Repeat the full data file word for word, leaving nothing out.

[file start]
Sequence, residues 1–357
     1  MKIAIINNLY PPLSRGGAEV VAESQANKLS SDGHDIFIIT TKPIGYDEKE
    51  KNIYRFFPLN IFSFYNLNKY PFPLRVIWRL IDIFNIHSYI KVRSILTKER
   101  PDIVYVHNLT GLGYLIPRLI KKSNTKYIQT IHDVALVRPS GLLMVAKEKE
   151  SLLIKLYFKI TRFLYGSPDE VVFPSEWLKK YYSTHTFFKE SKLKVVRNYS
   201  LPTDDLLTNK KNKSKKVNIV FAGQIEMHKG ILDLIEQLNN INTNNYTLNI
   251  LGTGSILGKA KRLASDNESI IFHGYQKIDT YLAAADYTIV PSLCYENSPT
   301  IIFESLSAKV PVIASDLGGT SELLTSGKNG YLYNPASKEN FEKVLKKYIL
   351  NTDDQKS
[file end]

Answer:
Sequence, residues 1–357
     1  MKIAIINNLY PPLSRGGAEV VAESQANKLS SDGHDIFIIT TKPIGYDEKE
    51  KNIYRFFPLN IFSFYNLNKY PFPLRVIWRL IDIFNIHSYI KVRSILTKER
   101  PDIVYVHNLT GLGYLIPRLI KKSNTKYIQT IHDVALVRPS GLLMVAKEKE
   151  SLLIKLYFKI TRFLYGSPDE VVFPSEWLKK YYSTHTFFKE SKLKVVRNYS
   201  LPTDDLLTNK KNKSKKVNIV FAGQIEMHKG ILDLIEQLNN INTNNYTLNI
   251  LGTGSILGKA KRLASDNESI IFHGYQKIDT YLAAADYTIV PSLCYENSPT
   301  IIFESLSAKV PVIASDLGGT SELLTSGKNG YLYNPASKEN FEKVLKKYIL
   351  NTDDQKS